Journalist John Pilger, who was at today’s hearing to support Assange, said lawyers might also launch a challenge in a European court.

“It’s not over,” he said. “It could come back here for a hearing. It could go to Europe – or both.”

After missing today’s formal hand-down of the judgment against him, Assange tweeted: “We got the news not hoped for”.

Differences between the French and English languages over what is meant by the words “judicial authority” played a crucial part in the ruling.

Announcing the court’s decision, Lord Phillips said: “The point of law is simple to state, but it has not been simple to resolve. Indeed we have only reached our decision by a 5-2 majority.”

The four other justices who dismissed Assange’s legal challenge were Lord Walker, Lord Brown, Lord Kerr and Lord Dyson. Dissenting decisions were given by Lady Hale and Lord Mance.

Lord Phillips said the meaning of the words “judicial authority” was debated when Parliament considered the Bill which became the 2003 Extradition Act.

The phrase had earlier been used in the EU Framework Decision that put EAWs in place.

Lord Phillips said it was clear some believed the words meant only a court or a judge.

“Indeed one minister specifically stated to a parliamentary committee that this was the case. But he was mistaken,” said Lord Phillips

“Judicial authority” was the English translation of the French words “autorite judiciare”.

The Framework Decision was in both English and French, so it was necessary to have regard to what the French phrase meant.

Lord Phillips said: “The French phrase has a wider meaning than the English phrase.

“In French the words judicial authority can be used of a public prosecutor.”

When EU member states implemented the Framework Decision many of them appointed public prosecutors to perform the role of the judicial authority, and there was no suggestion that this was contrary to the Framework Decision.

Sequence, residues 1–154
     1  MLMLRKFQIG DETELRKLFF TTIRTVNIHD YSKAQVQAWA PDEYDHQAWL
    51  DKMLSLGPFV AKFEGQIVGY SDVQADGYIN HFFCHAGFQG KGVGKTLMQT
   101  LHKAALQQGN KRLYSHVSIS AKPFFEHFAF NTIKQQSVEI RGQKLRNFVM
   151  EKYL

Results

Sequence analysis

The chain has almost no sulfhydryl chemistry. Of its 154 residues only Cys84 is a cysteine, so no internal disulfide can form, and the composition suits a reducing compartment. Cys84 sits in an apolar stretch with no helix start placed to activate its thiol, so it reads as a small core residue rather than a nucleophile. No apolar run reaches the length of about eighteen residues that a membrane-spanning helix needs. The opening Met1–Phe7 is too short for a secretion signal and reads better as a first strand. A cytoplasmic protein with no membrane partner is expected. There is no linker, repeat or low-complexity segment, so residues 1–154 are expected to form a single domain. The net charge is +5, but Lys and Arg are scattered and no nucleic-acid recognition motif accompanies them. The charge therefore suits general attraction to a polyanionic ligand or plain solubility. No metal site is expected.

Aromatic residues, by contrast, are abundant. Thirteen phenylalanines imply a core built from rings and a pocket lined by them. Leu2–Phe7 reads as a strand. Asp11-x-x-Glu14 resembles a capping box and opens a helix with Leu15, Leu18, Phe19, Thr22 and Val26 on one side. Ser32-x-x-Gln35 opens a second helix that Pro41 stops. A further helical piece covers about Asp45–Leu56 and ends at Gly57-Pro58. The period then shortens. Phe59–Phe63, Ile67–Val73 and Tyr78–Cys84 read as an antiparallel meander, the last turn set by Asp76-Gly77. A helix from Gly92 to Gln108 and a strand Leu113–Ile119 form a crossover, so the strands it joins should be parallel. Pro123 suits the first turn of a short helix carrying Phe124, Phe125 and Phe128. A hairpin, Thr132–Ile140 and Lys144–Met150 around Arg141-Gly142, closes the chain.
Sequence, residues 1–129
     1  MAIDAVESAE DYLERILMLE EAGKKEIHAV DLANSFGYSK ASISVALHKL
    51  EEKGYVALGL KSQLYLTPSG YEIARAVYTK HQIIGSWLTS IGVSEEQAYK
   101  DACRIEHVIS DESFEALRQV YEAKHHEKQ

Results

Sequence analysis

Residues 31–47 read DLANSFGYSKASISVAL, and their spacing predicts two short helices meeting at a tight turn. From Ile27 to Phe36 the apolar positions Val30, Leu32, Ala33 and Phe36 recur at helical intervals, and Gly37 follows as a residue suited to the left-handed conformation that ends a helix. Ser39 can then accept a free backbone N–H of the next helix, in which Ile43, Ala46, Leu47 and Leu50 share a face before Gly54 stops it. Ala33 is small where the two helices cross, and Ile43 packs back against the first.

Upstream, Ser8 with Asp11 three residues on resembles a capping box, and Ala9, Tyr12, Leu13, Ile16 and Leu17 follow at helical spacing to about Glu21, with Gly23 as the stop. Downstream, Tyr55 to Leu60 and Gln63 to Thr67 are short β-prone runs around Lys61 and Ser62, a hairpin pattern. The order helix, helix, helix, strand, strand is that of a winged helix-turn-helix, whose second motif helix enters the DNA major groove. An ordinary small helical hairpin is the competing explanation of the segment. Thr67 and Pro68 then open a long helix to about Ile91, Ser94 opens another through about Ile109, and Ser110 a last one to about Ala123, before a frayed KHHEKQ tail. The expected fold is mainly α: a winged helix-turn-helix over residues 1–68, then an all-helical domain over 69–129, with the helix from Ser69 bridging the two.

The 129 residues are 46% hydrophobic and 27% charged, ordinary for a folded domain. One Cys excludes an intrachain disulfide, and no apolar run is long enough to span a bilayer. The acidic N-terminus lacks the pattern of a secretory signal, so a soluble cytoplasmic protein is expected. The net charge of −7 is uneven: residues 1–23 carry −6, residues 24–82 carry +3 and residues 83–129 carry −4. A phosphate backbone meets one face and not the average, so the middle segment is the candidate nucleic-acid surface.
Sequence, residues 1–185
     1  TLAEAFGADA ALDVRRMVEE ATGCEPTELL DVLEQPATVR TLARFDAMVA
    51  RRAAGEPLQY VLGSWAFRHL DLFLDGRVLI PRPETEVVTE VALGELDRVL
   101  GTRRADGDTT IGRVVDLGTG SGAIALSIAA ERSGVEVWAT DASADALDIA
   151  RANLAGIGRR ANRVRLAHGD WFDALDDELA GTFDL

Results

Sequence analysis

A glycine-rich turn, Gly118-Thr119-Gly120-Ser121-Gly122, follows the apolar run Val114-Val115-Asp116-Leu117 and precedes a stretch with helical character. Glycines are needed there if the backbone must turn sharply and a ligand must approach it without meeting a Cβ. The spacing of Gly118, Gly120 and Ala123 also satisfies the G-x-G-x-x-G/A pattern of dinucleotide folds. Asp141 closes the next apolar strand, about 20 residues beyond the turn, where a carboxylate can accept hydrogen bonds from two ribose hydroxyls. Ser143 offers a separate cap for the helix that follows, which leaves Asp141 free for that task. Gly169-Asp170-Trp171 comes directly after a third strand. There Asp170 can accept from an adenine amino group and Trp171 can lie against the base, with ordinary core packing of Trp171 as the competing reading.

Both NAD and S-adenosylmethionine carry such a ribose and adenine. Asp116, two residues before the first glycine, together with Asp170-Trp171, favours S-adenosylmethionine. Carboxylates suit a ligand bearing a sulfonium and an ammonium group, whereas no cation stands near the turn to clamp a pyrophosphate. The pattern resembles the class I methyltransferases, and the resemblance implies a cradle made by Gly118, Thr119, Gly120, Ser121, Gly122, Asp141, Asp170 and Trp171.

Lord Phillips said: “Having particular regard to this fact, the majority of the court are agreed that, in the Framework Decision the words ’judicial authority’ or ’autorite judiciare’ bears a meaning that includes a public prosecutor.

“Two members of the Court, Lady Hale and Lord Mance, consider that this does not determine the meaning of judicial authority in the Extradition Act.”

Their dissenting view was that the words should mean a court or judge when the Act was applied.

Lord Phillips said: “The other members of the court do not agree. Parliament’s intention in passing the Extradition Act was to give effect to the Framework Decision.

“This was necessary in order to produce a uniform and coherent system of extradition in Europe. It was also necessary in order to comply with the duty of the United Kingdom under international law.

“So there is a presumption that the words ’judicial authority’ should have the same meaning in the Extradition Act that they have in the Framework Decision.

“The understanding of some MPs, or the statement of the minister as to the meaning of the Framework Decision, does not displace this presumption.”